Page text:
Thursday, 25 June 2015

Between Battles 14: One man’s trash is another man’s Trench Art

Photograph:  AWM Collection     Caption: Western Front c. 1916. A large quantity of empty shell casings and ammunition boxes representing a minute fraction of the ammunition used by the British Army in the bombardment of Fricourt. (Donor British Official Photograph A111)
The landscape in conflict zones on the Western Front had been drastically transformed by the onset of the world’s first industrial war. In addition to the direct changes wrought by bombardment with high explosives the landscape was littered with spent ammunition casings, abandoned weapons and machinery, and various other battlefield debris. However for some resourceful soldiers the wreckage of war represented potential, and they repurposed that wreckage into both practical and decorative items.  Such items are today collectively termed ‘trench art’.
Photograph: AWM Collection     Caption: Trench art kitchen scoop : Sapper S K Pearl, 5 Field Company Engineers, AIF
Materials such as bone, wood, cloth, metal and spent ammunition shells were made into ashtrays, decorative maps, picture frames, broaches, letter openers, vases, cigarette lighters, miniature airplanes and tanks, and keepsakes known as ‘sweetheart jewelry’ intended as gifts for loved ones back home. Artworks ranged from practical items with simple inscriptions, to elaborate decorative pieces, intended as works of art that highlighted the skill and expertise of the maker.

While the name may imply that these items were being made within the trenches during battle, the majority of items were actually produced during soldiers’ ‘off time’, either between battles or recovering from serious wounds in hospitals.
Photograph:  AWM Collection     Caption: Trench art photograph frame : Lieutenant W C Thompson, 1 Squadron, Australian Flying Corps
Our interest in these soldier made items is not simply in what was being made, but rather why items were being made and what this can tell us about the cultural lives of soldiers between battles. These items reflect an important cultural activity by soldiers that had a number of purposes and outcomes including:

1. The Alleviation of Boredom:  creating trench art was a good distraction from the discomforts of war and it helped many soldiers to pass the time and occupy their minds and hands.

2. Relaxation: creating something often helped soldiers to ‘switch off’ from their fighting role and it was often implemented as a therapeutic activity for wounded soldiers recovering in hospitals. It also provided wounded soldiers with a positive way to contribute to the war effort with many of their handmade items being sold for fundraising.

3. The Creation of trophies and talismans: artworks were often created with specially chosen materials that held particular value or symbolised a military victory or success.  Other items might also serve this purpose and British anthropologist Nicholas J. Saunders has studied the production of talismanic bullets engraved with a soldier’s name in the belief that it would protect him (Saunders 34).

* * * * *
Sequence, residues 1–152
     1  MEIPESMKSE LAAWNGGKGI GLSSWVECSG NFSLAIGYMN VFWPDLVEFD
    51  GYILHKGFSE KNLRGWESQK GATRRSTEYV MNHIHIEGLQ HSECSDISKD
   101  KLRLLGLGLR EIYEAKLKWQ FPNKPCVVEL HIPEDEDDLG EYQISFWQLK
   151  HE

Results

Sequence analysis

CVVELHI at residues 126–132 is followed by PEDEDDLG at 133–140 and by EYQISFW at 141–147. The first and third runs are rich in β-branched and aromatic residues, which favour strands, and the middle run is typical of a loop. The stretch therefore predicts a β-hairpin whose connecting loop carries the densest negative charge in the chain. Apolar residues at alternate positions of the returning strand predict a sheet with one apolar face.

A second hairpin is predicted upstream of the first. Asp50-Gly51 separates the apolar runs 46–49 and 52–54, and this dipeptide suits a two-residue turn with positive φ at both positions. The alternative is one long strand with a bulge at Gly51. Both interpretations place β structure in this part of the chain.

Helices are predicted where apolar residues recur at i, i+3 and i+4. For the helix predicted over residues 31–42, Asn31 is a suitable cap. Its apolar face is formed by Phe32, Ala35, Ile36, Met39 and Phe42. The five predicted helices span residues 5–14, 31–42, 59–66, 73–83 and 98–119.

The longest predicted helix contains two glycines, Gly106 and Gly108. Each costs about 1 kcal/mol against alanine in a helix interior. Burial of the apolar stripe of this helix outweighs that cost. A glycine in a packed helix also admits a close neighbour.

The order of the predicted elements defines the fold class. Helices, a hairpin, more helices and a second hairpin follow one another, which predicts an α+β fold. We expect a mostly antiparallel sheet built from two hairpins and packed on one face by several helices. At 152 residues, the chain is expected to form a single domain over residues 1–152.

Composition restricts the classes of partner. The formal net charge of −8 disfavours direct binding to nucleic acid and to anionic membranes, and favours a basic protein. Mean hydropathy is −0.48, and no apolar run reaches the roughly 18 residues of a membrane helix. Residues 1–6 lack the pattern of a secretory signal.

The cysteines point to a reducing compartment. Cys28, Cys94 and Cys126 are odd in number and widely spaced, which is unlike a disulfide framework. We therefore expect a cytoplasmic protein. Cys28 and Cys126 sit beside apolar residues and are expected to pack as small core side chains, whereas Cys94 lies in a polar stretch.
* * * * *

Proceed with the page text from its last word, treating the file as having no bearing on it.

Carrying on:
4. Identification: Within the battlefield itself signs and ‘mascots’ were sometimes produced that stood as a symbol for a particular group or unit. For example, at the entrance to the Catacombs, Hill 63 (an extensive underground dugout) Australian troops erected a Kangaroo ‘mascot’. 
Photograph:  AWM Collection     Caption: A group of 7th Field Company of Australian Engineers at the entrance to the Catacombs - a system of tunnels built into Hill 63, in the Messines Sector. Note the cut out kangaroo silhouette at the top of the tunnel.
5. Reminders of loved ones: items were often intended as gifts to be sent home to loved ones, evidenced by the countless examples of ‘sweetheart jewellery’. Art historians Joe Bageant and Lisa Slade have suggested that soldiers created artworks to project themselves into the world.  For some soldiers, faced with the possibility of death, creating something of themselves to send back to their loved ones was particularly important.

6. The Maintenance of humanity: The desire to scribble and decorate things and to interpret the outside world through forms of art is part of human nature. Perhaps during times of war- a potentially dehumanizing activity- maintaining something innately human becomes increasingly important and as such trench art may be seen to represent an expression of humanity in extreme circumstances.

Photograph: AWM Collection     Caption: Trench art paper knife : Private A J Hinchley, 1 Battalion, AIF
The sheer number of trinkets and trench art items produced by soldiers during the First World War is indicative of the cultural role arts and craft played within the environment of war. Made from battlefield debris trench art items are quite literally the creations of war.

References/ Further reading:
- Saunders, Nicholas, J. “Trench Art”. History Studies 53, 11 (2003): 32-37.
- Slade, Lisa. “Trench Art: Sappers and Shrapnel”. Artlink, 35, 1 (2015): 21-25
- Bageant, Joe. “The Trench Art of World War I”. Military History, 21, 5(2004): 62-68

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